Can money buy happiness? - this week's competition question.
An interesting question, which I think is best answered by recalling a recent incident. For those of you who don’t know, I have a companion hedgehog named Timothy, whom I rescued from being culled for his parasites when it emerged he was able to communicate effectively in English. Timothy has helped promote my recently published book, and is never far from my side. One day we were taking a stroll in the Institute garden. I thought the walk might cheer him up, as he had been exhibiting signs of sadness since the New Year. I broached the subject, as we passed some wild daffodils, with a simple question. ‘Timothy, my good friend. Are you a happy hedgehog these days?’, I asked, nonchalantly.
Timothy stopped snuffling in the soil, turned his head towards my feet and said, ‘Well, Dr McCrumble. I’ve been feeling a little maudlin, if truth be told.’
‘What’s wrong, exactly?’, I asked, acutely aware that hedgehogs are particularly susceptible to dysthymia – a mood disorder that lasts for up to 2 years in humans (equivalent to 30 hedgehog years!). Once instigated, hedgehogs can become terribly withdrawn and refuse to co-operate. If Timothy were suffering dysthymia, I’d probably have to, er, let him go…
‘Well, I suppose the problem is that I’ve become a bit lonely’, answered Timothy, his deep voice carrying tones of melancholy. ‘I’m very grateful for all you’ve done for me, but, well, hedgehogs don’t respond very well to isolation. We have needs Dr McCrumble.’
I saw the problem immediately. Spring was fast approaching, and with it, Timothy’s mind had turned to thoughts of hedgehog love. ‘Wait here my friend,’ I said boldly. ‘I have a plan that might just help.’ With that, I took off into one of the neighbouring fields in search of a mate for my lonely insectivore.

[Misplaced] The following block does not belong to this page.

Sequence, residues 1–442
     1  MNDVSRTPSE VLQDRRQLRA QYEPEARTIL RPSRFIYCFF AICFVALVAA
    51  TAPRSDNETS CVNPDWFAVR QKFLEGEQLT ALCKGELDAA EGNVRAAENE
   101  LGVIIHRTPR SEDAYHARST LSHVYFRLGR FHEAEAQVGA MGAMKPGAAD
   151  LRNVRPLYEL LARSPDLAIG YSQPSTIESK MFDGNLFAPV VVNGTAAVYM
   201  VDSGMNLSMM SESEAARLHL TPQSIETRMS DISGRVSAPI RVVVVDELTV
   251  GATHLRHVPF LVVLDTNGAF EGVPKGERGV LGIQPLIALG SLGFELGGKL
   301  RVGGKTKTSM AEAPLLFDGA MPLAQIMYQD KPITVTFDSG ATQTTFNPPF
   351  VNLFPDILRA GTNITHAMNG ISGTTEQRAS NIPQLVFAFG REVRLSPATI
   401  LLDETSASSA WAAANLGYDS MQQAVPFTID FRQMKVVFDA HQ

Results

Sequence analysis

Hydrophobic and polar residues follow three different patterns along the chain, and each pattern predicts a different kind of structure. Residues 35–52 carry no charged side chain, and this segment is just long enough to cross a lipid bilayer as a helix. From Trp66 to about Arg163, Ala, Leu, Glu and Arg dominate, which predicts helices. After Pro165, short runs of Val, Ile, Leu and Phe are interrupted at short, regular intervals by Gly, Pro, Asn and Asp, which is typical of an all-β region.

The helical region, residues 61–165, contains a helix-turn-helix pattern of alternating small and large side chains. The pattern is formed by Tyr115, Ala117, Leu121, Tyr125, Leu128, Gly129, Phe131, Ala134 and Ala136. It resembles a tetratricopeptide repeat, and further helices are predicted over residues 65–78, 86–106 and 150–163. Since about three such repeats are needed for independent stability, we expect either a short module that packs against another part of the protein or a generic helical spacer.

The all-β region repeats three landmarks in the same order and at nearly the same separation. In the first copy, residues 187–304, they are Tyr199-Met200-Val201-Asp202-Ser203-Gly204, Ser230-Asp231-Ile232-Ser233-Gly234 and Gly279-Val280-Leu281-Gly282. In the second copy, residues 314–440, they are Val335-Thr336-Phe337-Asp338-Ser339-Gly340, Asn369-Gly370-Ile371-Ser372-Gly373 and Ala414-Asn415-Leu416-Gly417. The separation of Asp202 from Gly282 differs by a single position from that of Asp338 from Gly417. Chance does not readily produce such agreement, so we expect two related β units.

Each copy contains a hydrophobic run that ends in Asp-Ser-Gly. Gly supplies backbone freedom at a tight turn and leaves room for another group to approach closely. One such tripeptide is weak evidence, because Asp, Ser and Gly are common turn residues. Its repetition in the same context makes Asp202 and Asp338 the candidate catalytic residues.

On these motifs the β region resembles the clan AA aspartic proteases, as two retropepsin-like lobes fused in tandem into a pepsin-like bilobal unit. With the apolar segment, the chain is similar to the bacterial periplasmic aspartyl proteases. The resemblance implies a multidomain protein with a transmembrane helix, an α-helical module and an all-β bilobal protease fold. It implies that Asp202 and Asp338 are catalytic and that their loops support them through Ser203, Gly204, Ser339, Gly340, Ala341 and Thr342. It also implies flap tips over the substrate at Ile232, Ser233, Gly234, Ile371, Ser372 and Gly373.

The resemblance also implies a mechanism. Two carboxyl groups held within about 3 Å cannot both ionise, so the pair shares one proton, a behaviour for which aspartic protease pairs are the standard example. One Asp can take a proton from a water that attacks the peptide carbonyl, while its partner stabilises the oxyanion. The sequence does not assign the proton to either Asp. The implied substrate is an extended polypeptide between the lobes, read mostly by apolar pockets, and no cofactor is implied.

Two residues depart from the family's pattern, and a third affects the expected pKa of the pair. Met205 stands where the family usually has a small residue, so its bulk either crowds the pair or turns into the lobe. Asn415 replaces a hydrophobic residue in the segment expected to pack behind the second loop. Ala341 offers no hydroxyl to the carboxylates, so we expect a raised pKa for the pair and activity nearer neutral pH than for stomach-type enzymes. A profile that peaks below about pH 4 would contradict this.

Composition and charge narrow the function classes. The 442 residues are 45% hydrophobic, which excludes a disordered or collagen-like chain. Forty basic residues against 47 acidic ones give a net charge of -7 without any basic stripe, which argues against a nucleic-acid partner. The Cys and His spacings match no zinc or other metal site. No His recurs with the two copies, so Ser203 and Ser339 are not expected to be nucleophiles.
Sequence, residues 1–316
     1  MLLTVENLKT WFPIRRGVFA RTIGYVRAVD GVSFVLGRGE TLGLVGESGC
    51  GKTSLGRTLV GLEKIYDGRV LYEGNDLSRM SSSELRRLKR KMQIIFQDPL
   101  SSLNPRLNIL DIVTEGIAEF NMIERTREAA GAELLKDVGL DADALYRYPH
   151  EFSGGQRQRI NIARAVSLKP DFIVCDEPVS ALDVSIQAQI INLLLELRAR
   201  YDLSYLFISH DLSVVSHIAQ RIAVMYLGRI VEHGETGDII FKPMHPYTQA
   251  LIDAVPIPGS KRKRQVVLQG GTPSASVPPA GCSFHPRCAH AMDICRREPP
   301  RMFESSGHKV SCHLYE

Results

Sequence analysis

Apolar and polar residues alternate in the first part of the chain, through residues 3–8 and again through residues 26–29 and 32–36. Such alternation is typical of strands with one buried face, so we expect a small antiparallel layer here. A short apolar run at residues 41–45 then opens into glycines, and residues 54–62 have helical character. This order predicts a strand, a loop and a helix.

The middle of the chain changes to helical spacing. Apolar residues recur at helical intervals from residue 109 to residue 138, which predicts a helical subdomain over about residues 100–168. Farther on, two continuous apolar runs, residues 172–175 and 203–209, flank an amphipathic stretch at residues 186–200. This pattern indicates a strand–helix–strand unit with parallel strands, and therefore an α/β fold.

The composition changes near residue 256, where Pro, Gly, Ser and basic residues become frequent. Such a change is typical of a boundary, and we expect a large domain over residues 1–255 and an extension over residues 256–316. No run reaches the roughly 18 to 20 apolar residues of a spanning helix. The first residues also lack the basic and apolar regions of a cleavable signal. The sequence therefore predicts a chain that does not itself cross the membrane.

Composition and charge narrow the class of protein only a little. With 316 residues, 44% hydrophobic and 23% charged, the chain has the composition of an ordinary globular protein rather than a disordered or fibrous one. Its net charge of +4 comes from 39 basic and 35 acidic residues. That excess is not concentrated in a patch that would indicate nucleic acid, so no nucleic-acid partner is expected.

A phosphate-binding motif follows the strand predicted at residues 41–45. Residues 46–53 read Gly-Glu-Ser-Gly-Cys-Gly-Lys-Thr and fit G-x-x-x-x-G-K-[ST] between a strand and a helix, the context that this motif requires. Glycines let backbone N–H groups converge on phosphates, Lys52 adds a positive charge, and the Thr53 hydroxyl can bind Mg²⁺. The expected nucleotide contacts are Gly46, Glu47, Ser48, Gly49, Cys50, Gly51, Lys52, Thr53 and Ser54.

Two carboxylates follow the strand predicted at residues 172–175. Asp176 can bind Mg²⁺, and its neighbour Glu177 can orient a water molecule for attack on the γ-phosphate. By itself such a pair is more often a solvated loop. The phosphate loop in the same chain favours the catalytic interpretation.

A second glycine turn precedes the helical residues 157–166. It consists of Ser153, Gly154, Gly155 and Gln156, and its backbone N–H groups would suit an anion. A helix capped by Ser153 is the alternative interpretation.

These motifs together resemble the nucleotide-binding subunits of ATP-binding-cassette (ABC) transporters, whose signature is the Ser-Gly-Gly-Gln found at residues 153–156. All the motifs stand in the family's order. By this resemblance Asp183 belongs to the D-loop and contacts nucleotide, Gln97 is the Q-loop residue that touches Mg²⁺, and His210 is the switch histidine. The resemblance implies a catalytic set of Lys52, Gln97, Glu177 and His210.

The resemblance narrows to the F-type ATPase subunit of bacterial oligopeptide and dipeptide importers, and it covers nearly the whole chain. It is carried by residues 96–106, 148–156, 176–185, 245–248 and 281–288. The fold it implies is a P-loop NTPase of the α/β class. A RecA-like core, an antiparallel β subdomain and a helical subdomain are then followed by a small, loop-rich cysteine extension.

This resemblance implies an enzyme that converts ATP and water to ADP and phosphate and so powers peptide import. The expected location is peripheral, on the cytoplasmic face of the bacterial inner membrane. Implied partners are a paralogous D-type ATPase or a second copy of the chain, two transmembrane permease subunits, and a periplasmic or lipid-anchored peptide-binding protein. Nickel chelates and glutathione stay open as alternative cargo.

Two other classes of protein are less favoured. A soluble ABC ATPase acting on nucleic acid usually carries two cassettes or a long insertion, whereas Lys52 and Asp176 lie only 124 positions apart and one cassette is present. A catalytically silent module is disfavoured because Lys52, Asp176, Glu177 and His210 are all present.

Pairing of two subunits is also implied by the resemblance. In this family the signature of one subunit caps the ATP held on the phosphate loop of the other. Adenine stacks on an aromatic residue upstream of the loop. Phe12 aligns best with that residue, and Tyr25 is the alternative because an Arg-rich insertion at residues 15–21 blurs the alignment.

I had to turn a few grumpy hedgehogs over to find a female, but eventually I came across one that looked like she might enjoy Timothy’s company. I returned as a triumphant cupid, and carried them both towards a secluded part of the garden, overlooked only by a young silver birch tree. ‘Have fun!’ I said breezily as I left them, snout-to-snout, behind a clump of grass (even hedgehogs value their privacy during intimate moments).
Two hours later I returned to find Timothy alone. His greeting was loaded with despondency, and I figured all had not gone well. Upon enquiring what had happened, Timothy revealed to me that his companion had demanded payment for services rendered, by way of six earth worms and two slugs*. This, he explained, was because he was now an outcast from hedgehog society, and thus no longer eligible for free-love**. He’d paid up and enjoyed his brief dalliance, but was now struck with shame that he’d resorted to such tactics just to find relief. ‘But I was happy for a few minutes at least, Dr McCrumble’ said Timothy, as he snuffled back towards his cage at the Institute.
‘I learnt important lessons today, dear’, I said to Dolores that evening whilst we tucked into our dinner.
‘Well done darling’, said my wife through a mouthful of stew. ‘What nuggets of knowledge did you acquire?’
‘I learnt not only that hedgehogs practice the oldest profession in the world, but also that happiness is a state-change brought on by a transient elevation of mood irrespective of the source. It wasn’t the payment that made Timothy experience feelings of joy, but a consensual act involving the exchange of bodily fluids.’
‘Just like every other bloke then,’ said my wife dryly. ‘A quick sniff and a poke, and happiness is guaranteed. Maybe the payment actually dampened the effect.’
‘Good grief Dolores, I think you’ve just hit the spot!’ I exclaimed. ‘If paying for things makes us less happy, we should perhaps abolish money. I mean, let’s face it, money can’t be a source of happiness when it is, in reality, the root of all evil. QED, I think.’
**Behavioural studies of wild hedgehog communities suggest that rutting is preceded by a brief courtship without gifts or payment.